Genius, 12, expands Einstein's theory of relativity
US: Could Einstein's Theory of Relativity be a few mathematical equations away from being disproved? Jacob Barnett of Hamilton County, Ind., who is just weeks shy of his 13th birthday, thinks so. And, he's got the solutions to prove it.
Barnett, who has an IQ of 170, explained his expanded theory of relativity - in a YouTube video. His mother Kristine Barnett, who admittedly flunked math, did what every other mother would do if her genius son started talking mathematical gibberish. She told him to explain the whole thing slowly while she taped her son explaining his take on the theory.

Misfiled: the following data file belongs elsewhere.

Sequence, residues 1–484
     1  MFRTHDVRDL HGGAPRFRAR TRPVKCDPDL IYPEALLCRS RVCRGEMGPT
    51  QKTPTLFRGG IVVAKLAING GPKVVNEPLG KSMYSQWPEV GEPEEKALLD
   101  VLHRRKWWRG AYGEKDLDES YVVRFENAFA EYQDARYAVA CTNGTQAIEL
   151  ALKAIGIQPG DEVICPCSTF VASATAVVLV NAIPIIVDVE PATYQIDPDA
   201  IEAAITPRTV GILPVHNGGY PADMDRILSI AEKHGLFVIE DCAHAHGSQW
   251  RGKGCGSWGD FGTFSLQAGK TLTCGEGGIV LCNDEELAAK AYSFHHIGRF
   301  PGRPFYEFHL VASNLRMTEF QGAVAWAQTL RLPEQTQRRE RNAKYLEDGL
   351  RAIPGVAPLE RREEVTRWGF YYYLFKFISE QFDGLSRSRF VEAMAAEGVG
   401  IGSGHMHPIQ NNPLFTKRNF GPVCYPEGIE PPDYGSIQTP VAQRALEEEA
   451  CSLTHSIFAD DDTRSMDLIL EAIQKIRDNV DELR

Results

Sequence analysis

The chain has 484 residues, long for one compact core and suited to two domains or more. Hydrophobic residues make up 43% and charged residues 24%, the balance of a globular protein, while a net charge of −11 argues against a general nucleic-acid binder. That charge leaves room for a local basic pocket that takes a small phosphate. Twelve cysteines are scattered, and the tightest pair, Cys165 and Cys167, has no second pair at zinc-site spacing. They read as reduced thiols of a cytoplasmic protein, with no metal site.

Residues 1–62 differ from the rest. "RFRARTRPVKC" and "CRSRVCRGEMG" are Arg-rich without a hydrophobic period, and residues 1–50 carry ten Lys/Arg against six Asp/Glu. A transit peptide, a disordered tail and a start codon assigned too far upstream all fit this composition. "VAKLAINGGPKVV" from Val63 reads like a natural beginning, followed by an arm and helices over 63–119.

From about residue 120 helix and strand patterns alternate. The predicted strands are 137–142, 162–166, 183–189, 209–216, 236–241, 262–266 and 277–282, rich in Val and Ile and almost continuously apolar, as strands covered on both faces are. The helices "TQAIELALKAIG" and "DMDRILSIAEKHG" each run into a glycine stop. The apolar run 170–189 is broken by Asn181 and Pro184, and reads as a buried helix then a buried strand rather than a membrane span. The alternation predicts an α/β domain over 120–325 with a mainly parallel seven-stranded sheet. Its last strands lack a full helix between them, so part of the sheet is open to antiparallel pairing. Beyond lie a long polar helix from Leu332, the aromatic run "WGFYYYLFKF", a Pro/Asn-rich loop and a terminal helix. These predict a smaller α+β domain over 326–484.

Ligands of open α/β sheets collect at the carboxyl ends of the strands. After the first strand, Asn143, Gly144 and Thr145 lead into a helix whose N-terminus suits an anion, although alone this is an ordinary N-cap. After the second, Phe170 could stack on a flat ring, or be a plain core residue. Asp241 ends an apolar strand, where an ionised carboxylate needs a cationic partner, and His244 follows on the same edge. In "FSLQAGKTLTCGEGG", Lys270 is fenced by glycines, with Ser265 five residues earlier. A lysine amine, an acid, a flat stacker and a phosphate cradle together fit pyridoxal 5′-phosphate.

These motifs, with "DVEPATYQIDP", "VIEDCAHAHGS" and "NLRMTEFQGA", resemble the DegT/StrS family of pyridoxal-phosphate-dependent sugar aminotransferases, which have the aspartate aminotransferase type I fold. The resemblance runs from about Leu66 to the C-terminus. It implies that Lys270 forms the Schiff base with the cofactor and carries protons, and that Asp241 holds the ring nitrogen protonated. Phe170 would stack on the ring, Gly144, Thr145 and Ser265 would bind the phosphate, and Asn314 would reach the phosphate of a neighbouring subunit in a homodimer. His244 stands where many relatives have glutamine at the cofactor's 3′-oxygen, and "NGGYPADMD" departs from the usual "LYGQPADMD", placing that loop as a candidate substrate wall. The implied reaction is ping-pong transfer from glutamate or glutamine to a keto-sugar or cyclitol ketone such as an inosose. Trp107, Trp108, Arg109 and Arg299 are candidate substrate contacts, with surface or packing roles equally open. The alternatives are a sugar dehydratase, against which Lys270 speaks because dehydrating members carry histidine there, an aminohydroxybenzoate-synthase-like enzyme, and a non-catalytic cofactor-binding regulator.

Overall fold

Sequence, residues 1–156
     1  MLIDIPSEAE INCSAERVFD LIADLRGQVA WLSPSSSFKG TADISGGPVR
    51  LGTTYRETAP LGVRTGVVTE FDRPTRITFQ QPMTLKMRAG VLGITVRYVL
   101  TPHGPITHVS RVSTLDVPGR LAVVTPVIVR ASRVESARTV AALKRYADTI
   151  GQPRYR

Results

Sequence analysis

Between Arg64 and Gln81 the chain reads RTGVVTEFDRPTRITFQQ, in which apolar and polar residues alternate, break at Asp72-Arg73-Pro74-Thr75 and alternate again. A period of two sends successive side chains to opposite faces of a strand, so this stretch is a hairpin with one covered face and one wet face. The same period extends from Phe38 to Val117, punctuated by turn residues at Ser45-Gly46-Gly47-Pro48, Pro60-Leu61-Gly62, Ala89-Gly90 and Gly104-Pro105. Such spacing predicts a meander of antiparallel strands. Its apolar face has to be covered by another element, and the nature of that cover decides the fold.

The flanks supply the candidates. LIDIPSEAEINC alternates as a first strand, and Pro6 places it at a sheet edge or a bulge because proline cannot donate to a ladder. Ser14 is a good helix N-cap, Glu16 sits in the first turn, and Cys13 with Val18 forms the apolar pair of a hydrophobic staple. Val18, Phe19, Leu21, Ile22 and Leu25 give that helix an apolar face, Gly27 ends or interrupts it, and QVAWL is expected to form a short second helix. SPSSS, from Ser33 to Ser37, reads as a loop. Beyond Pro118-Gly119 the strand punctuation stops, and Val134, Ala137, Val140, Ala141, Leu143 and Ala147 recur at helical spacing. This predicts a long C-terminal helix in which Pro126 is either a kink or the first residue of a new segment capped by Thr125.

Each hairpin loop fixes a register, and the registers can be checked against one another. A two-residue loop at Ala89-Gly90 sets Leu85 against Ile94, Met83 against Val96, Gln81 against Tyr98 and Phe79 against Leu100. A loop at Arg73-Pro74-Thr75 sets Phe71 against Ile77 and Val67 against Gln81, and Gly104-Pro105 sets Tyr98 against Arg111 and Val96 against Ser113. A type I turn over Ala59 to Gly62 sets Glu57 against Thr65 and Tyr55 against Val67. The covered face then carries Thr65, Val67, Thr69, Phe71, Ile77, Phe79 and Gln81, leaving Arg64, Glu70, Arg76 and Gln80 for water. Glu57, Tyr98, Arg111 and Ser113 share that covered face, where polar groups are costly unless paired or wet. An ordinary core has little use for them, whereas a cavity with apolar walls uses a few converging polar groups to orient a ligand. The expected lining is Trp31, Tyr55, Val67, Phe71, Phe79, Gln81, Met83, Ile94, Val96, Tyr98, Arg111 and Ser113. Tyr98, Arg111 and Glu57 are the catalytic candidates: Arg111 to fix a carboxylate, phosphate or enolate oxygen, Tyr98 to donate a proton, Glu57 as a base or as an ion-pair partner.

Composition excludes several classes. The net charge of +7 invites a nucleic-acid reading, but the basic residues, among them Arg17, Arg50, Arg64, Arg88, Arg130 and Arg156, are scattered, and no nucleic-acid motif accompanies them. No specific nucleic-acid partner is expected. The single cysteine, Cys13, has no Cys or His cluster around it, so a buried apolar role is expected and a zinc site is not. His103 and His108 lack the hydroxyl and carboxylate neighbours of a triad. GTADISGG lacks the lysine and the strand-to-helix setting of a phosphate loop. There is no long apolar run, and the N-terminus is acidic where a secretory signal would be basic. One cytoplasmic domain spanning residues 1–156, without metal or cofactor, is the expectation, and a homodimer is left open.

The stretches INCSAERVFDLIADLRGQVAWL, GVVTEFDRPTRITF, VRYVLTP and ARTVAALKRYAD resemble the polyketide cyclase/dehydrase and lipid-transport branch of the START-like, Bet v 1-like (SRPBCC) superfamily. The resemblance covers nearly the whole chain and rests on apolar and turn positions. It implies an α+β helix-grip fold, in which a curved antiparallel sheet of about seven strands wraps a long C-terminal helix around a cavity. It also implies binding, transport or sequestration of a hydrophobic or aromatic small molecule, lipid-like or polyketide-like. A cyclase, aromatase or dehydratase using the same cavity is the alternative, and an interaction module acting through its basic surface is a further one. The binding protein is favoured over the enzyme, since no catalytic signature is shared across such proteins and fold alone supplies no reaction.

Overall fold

While most of his mathematical genius goes over our heads, some professors at the Institute for Advanced Study in Princeton, New Jersey - you know, the U.S. academic homeroom for the likes of Albert Einstein, J. Robert Oppenheimer, and Kurt Gödel - have confirmed he's on the right track to coming up with something completely new. For now, they're encouraging Barnett to continue doing what he likes to do, which is explaining calculus using a whiteboard marker and his living room windows as seen in the video above.
“I'm impressed by his interest in physics and the amount that he has learned so far,” Institute for Advanced Study Professor Scott Tremaine wrote in an email to the family.
“The theory that he's working on involves several of the toughest problems in astrophysics and theoretical physics.”
“Anyone who solves these will be in line for a Nobel Prize,” he added.